Matt James is a member of the Document Lifecycle Evangelism team where he spends most of his efforts on the lawyer’s work-stream. With 10 years in the legal technology field, Matt has been an advocate to law firms and their lawyer’s need for a harmonized technology ecosystem
Apple’s iOS 12 was recently released in September, and the Apple community is going crazy for the Shortcuts app. Shortcuts is the new version of the precursor Workflow app, that with the help of Siri and "Siri Suggestions" can automate a complex task via your iOS 12 device by voice or the touch of a button.
What's the relevance to this regarding legal tech?
Well, outside of the ways it can save you time or make your personal life easier, it completely aligns with how Litera Microsystems creates products and why your lawyers want to use them. We live in a world where we desire to consume data at the fastest rate possible. We use touch or face ID to open our phones as opposed to keying in a 6-digit code. We subscribe to RSS feeds for instant and relevant news notifications over searching news stories. We buy NFL RedZone, so we can watch every scoring play of every game, without having to watch the less-exciting plays. And how do we consume that data in the quickest manner? We eliminate the unnecessary and additional steps.
Nothing earth shattering here, but it's all about minimizing clicks, touches, or hops.
The concept of workflow solutions is nothing new to legal or any industry for that matter, but these solutions traditionally have required you to engage your task through a main entry point. Using that platform, some tasks can be automated by anticipating the next step or product in the process. The Shortcuts App handles this slightly differently, as it is simply leveraging the technology that is native to your device and through a standard condition and variable setup, accomplishing a task with as little interaction as required.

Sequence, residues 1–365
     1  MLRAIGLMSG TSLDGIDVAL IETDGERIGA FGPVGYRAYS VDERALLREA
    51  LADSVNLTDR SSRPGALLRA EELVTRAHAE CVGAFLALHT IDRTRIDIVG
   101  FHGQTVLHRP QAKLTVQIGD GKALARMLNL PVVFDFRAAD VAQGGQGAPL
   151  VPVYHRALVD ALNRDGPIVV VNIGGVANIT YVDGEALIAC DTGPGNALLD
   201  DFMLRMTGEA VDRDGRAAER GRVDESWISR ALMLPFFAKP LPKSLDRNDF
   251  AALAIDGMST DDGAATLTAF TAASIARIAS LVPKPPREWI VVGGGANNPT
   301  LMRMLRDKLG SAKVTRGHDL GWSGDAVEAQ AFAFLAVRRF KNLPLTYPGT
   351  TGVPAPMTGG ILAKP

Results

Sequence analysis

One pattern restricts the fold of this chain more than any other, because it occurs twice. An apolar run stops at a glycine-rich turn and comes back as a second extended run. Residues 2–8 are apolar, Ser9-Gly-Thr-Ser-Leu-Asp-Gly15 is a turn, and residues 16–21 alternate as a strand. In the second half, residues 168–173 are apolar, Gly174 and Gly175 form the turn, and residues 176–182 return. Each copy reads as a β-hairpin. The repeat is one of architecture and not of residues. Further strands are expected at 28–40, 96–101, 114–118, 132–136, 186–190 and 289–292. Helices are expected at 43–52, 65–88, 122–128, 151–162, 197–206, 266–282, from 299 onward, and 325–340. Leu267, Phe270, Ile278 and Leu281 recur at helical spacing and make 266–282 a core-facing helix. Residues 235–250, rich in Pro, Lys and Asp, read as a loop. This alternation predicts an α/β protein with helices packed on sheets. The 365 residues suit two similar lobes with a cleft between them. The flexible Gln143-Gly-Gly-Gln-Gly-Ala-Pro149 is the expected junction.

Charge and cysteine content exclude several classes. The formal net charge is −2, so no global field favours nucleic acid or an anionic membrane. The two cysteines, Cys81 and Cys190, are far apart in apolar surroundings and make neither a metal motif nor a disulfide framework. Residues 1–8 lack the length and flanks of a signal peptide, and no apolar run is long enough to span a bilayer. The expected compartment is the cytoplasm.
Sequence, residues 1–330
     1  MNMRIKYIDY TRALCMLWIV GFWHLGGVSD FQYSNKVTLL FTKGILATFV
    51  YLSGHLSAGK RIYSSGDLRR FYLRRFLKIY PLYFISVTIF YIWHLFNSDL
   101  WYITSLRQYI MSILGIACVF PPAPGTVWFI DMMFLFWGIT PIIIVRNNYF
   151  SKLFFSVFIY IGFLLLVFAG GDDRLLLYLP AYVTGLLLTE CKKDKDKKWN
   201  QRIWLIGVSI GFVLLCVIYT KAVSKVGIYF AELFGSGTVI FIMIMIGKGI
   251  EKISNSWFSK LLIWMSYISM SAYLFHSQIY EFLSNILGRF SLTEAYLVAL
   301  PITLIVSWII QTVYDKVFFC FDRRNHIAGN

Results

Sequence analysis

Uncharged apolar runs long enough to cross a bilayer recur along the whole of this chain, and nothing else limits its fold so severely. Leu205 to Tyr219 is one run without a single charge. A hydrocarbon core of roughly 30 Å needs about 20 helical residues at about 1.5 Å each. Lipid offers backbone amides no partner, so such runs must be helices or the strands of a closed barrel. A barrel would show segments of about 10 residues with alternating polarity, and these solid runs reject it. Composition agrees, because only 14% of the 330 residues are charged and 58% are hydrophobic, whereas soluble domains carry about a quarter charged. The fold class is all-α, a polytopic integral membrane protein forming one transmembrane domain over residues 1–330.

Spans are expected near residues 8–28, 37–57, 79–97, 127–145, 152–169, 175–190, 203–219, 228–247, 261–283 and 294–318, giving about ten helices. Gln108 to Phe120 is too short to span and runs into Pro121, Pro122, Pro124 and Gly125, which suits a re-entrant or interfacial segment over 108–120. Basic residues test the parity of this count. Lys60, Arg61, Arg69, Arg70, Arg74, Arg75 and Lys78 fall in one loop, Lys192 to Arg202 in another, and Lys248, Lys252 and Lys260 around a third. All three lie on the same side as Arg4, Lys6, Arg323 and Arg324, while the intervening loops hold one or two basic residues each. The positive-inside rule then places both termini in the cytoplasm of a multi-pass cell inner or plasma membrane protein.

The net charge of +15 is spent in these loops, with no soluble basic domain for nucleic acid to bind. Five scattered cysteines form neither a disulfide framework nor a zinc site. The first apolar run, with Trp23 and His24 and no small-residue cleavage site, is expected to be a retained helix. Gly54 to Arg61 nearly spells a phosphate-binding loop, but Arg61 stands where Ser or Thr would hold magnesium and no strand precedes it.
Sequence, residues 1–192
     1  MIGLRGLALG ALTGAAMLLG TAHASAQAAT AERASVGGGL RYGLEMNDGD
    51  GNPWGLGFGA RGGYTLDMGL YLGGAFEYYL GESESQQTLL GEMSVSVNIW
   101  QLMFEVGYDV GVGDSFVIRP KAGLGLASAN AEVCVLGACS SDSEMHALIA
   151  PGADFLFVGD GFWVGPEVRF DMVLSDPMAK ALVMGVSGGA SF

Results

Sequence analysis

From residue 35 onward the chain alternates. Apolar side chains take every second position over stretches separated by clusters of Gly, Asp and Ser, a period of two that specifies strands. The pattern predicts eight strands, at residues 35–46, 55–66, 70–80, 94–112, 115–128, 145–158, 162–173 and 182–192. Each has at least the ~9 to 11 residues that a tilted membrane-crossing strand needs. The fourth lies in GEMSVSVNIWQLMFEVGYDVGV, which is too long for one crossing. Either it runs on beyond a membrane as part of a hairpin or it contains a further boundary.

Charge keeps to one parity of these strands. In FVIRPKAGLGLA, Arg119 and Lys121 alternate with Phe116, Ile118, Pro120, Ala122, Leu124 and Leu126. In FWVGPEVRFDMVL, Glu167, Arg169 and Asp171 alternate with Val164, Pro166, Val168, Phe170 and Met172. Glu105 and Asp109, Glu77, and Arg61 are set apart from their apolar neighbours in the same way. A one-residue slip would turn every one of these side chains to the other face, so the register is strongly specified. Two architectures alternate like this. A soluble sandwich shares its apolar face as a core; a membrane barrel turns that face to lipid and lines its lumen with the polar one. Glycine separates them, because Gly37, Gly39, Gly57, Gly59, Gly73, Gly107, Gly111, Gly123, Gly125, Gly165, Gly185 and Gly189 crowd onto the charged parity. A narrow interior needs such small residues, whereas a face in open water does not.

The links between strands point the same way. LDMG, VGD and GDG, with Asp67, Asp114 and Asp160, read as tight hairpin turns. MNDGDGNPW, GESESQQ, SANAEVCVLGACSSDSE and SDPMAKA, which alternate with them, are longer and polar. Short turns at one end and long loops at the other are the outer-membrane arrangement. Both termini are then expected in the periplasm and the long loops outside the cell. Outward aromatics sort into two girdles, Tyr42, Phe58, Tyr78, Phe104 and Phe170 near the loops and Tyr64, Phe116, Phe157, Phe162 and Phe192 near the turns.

When we think of the business impact to being more efficient, we commonly tie that to the concept of getting more work done in a shorter period. And while that’s very relevant to the supply and demand model, there's also a logistical efficiency component that needs to exist. Logistical efficiency is all about getting from point A to point B in a manner that makes the task of the end-user that much easier. Avoiding disruption to the user's workflow exponentially grows the likelihood of technology use, and more importantly the desire to use. If you have a pool of individuals willing and excited to use technology because it complements and anticipates their workflow, you've made it easy for them to do their job well, which factors into the larger picture of happy clients. Efficiency does not exist without ease of use.
The question that remains to be answered is, "How do we get lawyers over that hump, so they desire technology?” Well, it starts by eliminating pain points and streamlining tasks, but it must be accompanied with a standard user experience. That user experience starts with the device we are all tied to, our phones. The two predominant operating systems have found success in adoption at a time of continually updating apps and emerging technologies.
The secret is simple: don't get too cute or fancy in UI design, don't shift from the norm of UX, and allow a transferable skillset to exist across the technology you introduce. We all have a muscle memory to an expectation of how an application should work, where buttons should be, how they should look, and shaking that up will only place roadblocks in the way to simplifying a task via technology complementing workflow.